Friends and Family,
DR: My seminary orientation is complete, and I now look forward to Elementary Greek, which begins on Tuesday. I have Dr. James Voelz as my professor; he wrote our text book and is legendary among Lutheran circles and the seminary community for his thorough, entertaining, witty, and informative teaching style. I have heard that mini-basketballs regularly fly throughout his classroom (occasionally catching a glancing blow at an unsuspecting seminarian) and a stuffed weasel or two may even make an appearance. Having studied Greek in Bakersfield before coming to the sem, I know that having a moment or two of humor to punctuate our intense studies will be a blessing.
Dr. Bruce Hartung, one of the Deans of Ministerial formation, spoke to us recently about the formation of pastors. That is a word--formation--they use a lot around here. They aren't training us technical methods of *how* to pastor, per se. Rather, the entire experience--from living in authentic community with each other, building relationships, allowing the rigors of classes/studies/family/work shape your soul--work together to *form* us as pastors. They have promised us we won't be the same people we are today four years from now.
Dr. Hartung especially focused on the "darker side" of seminary life in his orientation. We were reminded that--as future leaders in the Church--Satan has a huge target on our backs and on our families' backs. The evil one does not want us to be here, and he will use whatever tactics it takes to wear us down. Many current pastors, in their private moments, may indeed agree that their faith was weakest and their temptations strongest during their time at seminary.
Dr. Hartung had us write down on a 4x6 card what we believed our greatest areas of vulnerability and temptation are, then cover them with a cross, and submit them to him anonymously. He and the faculty will pray over the cards, and pray for a hedge of protection for us from the evil one. We also broke into small groups to pray for each other, and share our struggles with one another.
Pastors (and seminary students) are real people. Just because God has drawn us into this kind of ministry does not make us any holier than the rest of the souls sitting in church on Sunday morning. As Dr. Hartung reminded us, we are people who struggle with the same temptations and struggles our parishioners face: money issues; alcohol issues; relationship struggles; lust and temptations to sin sexually; fighting off laziness and sloth; dealing with arrogance and pride; encountering ridicule, discouragement, and depression; you name it. We are not immune. In fact, we are probably more vulnerable, if anything. Whatever area(s) we most struggle with in our lives and in our Christian walk, we can be sure Satan will tempt us most intensely right there.
And so, as it is with you, it is of the utmost importance we know what our greatest vulnerabilities are, name them, and cover them with the cross of Jesus Christ. We must share our weaknesses with one another, pray for each other, and love one another through Christ Jesus. Life this side of Heaven can at times be a great struggle in the midst of great blessings.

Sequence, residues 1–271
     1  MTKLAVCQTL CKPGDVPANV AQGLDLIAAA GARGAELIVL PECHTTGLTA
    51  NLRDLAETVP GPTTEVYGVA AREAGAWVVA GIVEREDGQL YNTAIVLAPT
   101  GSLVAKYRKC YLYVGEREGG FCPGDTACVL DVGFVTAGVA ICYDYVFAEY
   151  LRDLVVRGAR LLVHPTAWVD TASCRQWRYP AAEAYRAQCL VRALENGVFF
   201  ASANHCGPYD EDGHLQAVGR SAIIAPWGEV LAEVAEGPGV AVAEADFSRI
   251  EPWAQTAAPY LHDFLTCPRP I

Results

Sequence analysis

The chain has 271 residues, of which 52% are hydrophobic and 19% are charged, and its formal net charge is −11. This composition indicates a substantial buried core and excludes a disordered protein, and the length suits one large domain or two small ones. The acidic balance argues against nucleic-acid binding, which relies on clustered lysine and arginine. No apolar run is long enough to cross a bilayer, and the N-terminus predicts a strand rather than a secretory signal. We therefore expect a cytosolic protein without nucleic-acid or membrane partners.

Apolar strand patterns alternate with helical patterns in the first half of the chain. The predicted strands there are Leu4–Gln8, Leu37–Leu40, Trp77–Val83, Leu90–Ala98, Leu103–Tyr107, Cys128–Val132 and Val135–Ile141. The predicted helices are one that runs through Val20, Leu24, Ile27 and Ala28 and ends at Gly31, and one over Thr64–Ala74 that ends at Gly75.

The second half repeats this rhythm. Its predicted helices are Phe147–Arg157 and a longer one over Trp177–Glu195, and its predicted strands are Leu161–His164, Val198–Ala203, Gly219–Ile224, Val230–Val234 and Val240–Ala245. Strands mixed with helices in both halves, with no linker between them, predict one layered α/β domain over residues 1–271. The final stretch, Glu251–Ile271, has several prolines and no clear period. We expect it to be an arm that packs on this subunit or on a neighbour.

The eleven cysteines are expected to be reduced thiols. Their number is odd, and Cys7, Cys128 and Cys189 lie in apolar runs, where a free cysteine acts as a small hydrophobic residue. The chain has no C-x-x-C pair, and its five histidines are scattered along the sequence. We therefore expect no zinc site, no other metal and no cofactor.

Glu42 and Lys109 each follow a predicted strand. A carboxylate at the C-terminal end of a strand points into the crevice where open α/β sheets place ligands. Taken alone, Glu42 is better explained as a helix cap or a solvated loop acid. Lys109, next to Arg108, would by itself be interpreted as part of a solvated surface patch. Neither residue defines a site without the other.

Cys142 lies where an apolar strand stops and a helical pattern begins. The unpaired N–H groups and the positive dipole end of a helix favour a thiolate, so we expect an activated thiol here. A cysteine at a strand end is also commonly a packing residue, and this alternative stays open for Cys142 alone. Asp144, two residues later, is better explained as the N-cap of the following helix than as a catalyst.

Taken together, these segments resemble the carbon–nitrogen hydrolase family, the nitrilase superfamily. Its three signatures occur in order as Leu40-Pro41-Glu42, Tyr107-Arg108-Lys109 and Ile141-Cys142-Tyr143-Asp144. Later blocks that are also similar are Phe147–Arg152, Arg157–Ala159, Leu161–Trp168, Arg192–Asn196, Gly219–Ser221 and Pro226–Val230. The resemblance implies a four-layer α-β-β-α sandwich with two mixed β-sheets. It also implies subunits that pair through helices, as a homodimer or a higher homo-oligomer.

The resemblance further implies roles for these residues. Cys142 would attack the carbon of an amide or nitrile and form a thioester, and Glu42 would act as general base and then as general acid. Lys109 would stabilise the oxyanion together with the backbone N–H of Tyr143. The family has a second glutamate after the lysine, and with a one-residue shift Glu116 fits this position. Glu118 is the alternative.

We see and hear the stories all too frequently: pastors, friends, neighbors, co-workers who gave in to great temptation...and whose lives and ministries and churches were in many cases ruined as a result. Sinning is fun, for a time. And that is perhaps one of Satan's greatest weapons: that it all looks like fun and games, on the surface. Getting intoxicated. Flirting with your office secretary. Keeping a little more money for yourself this time. Investing our lives in stuff rather than God and His people. Watching TV to "escape." It all leads to ruin. The Bible says, "He who tills his land will have plenty of food...but he who follows empty pursuits will have poverty in plenty." And that poverty can be spiritual, emotional, physical/financial/material, relational, or any combination thereof.
The only way out is to look to the Risen Christ--who was crucified, dead, buried, and resurrected! He has won the battle! We have victory in Jesus! Look to Christ! We must be honest with ourselves and with each other, humbly sharing our greatest vulnerabilities, praying over them, finding accountability partners to help us in the struggle, and tell others about the irreplaceable rest and peace we have in Jesus Christ. There is nothing greater than a life lived in Christ Jesus. Satan doesn't want you know that. He wants you to think your beer, your affair, your TV, your money, your stuff, your ________________ are more worthwhile and interesting than Christ. "It's OK," Satan says. "Just this one time. You're doing so well in the other areas of your life; you deserve it. Go for it." Satan is a liar. His path leads down to death. Don't buy the lie.
Be God's; stay close to Christ. And let us know how we can be praying for you, as we run this race in Christ Jesus together. You can email us via the email link at the top right of our homepage. We'd love to hear from you.
In His Love and Service,